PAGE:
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Subject:

cybernetic hypothesis

From:

"Boy, John" <[log in to unmask]>

Reply-To:

Programming as Social Science (PaSS)

Date:

Fri, 17 Mar 2017 11:21:28 +0000

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Parts/Attachments:

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Because I'd hate to see conversation on this list simple peter out, I thought I'd send around a little a quote from a piece by media theorist Alex Galloway in hopes of provoking further exchange. I recommend reading the whole piece [1], which mostly addresses digital humanities but I think also has important implications for the idea of "programming as social science".

He writes: "But beyond the challenge of unequal talent and resources [among humanists as compared to corporations like Amazon] is the question of critical efficacy. Is it appropriate to deploy positivistic techniques against the self-same positivistic techniques? In a former time, such criticism would not have been valid or even necessary. Marx was writing against a system that laid no specific claims to the apparatus of knowledge production itself -- even if it was fueled by a persistent and pernicious form of ideological misrecognition. Yet, today the state of affairs is entirely reversed. The new spirit of capitalism is found in brainwork, self-measurement and self-fashioning, perpetual critique and innovation, data creation and extraction. In short, doing capitalist work and doing intellectual work -- of any variety, bourgeois or progressive -- are more aligned today than they have ever been. Hence there appears something of a moral crisis concerning the very validity of scholarly methodologies. Such methods are at best underfunded and impotent cousins to the new algorithmic industries and at worst unknowing shills for that same system of canalization and debasement. The question is no longer 'can we use the master's tools to take down the master's house?' The question is 'can we still use our own tools now that the master has taken them up?'" (p. 110)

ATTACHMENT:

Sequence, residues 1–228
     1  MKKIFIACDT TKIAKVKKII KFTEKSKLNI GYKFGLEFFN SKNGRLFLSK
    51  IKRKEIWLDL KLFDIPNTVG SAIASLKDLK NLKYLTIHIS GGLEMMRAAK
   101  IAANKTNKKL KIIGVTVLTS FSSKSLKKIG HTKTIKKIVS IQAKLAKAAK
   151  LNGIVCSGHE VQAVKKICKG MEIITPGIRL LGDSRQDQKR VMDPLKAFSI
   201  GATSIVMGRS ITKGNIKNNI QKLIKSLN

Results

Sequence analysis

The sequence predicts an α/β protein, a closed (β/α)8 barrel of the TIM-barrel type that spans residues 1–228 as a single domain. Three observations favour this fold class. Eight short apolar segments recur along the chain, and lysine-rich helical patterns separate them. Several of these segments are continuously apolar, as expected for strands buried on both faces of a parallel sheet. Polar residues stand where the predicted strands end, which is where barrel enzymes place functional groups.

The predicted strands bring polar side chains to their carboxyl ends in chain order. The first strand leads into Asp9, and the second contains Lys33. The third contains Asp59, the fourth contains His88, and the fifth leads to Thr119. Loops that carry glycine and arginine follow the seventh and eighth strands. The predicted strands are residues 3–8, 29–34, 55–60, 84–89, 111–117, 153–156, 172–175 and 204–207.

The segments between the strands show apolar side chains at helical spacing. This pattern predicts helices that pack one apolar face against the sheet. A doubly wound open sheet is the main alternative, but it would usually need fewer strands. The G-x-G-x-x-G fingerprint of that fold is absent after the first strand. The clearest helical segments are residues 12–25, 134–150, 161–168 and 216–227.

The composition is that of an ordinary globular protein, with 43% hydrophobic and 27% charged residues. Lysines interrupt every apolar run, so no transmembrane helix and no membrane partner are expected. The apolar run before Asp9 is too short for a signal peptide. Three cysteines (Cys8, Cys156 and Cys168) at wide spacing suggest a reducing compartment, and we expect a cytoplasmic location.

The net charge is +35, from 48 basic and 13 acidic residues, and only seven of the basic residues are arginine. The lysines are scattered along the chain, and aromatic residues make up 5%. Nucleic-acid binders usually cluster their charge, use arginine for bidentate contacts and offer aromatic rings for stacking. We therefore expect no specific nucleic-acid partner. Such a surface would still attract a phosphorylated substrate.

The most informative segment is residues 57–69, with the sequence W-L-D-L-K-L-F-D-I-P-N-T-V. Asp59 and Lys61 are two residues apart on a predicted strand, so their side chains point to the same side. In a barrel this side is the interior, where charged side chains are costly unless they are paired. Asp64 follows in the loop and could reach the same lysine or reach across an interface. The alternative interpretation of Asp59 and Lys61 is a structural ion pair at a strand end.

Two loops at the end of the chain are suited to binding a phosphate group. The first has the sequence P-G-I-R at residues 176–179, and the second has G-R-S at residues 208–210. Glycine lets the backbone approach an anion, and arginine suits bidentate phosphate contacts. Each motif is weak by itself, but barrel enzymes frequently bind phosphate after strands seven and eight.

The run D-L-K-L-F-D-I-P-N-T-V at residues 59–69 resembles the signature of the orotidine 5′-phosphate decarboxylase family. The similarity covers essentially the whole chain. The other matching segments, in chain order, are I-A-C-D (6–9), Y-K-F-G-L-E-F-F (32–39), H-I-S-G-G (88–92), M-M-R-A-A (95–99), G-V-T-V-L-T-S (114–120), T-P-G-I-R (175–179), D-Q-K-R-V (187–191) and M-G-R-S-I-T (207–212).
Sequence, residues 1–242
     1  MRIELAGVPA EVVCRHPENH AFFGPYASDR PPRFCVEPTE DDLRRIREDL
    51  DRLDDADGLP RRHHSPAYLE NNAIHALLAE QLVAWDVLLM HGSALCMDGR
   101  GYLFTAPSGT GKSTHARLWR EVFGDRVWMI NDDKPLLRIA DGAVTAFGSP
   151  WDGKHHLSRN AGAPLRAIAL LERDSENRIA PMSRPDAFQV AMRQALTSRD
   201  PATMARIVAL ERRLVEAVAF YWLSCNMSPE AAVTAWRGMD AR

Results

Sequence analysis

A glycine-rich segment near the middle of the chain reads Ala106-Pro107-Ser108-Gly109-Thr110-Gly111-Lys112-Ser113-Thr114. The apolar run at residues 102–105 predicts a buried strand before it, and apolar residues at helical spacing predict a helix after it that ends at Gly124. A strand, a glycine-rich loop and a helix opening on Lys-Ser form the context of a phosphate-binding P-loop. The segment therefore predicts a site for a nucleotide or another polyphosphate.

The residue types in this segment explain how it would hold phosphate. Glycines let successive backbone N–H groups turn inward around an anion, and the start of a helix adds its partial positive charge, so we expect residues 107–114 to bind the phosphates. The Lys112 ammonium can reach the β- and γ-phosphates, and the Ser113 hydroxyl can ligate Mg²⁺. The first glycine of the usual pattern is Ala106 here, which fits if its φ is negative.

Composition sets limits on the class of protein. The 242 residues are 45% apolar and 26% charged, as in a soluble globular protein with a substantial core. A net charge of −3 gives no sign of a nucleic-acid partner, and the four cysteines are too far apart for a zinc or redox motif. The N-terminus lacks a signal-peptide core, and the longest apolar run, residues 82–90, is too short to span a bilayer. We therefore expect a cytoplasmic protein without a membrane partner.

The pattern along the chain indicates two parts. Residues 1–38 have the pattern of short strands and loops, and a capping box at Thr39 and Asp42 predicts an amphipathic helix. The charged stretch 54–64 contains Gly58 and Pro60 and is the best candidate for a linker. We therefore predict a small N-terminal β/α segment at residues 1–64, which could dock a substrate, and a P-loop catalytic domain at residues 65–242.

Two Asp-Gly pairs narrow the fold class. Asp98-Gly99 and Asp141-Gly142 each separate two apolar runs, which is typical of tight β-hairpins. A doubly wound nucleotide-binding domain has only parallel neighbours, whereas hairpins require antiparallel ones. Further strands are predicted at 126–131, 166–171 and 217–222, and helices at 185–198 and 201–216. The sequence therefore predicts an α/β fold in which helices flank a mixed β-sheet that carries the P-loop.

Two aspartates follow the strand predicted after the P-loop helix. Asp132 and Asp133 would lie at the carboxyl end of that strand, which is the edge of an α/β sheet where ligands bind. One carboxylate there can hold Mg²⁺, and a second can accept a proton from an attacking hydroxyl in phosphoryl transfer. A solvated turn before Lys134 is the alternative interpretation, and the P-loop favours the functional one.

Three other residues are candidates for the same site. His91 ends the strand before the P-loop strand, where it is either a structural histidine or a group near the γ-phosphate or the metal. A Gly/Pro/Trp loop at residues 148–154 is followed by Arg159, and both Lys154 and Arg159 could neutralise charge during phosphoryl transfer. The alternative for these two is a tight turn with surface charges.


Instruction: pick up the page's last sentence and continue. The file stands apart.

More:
Perhaps the "critical efficacy" of our intellectual pursuits is not equally important to everyone on this list, though I think he's right that we at least need to consider our role in current moral crises. 

But I think Galloway raises a few interesting questions even beyond that. In particular, I wonder whether he correct to conflate digital research techniques with "positivistic" and "quantitative"? 

I look forward to reading your thoughts!

John


PS: As I was writing, a message from Phil came through the list. Yay!
PPS: I'm still hanging out in IRC channel irc.oftc.net/#pass in case anyone wants to join :) 

1: Galloway, Alexander R. 2014. The cybernetic hypothesis. Differences: A Journal of Feminist Cultural Studies, vol. 25, no. 1, pp. 107-131. https://doi.org/10.1215/10407391-2420021

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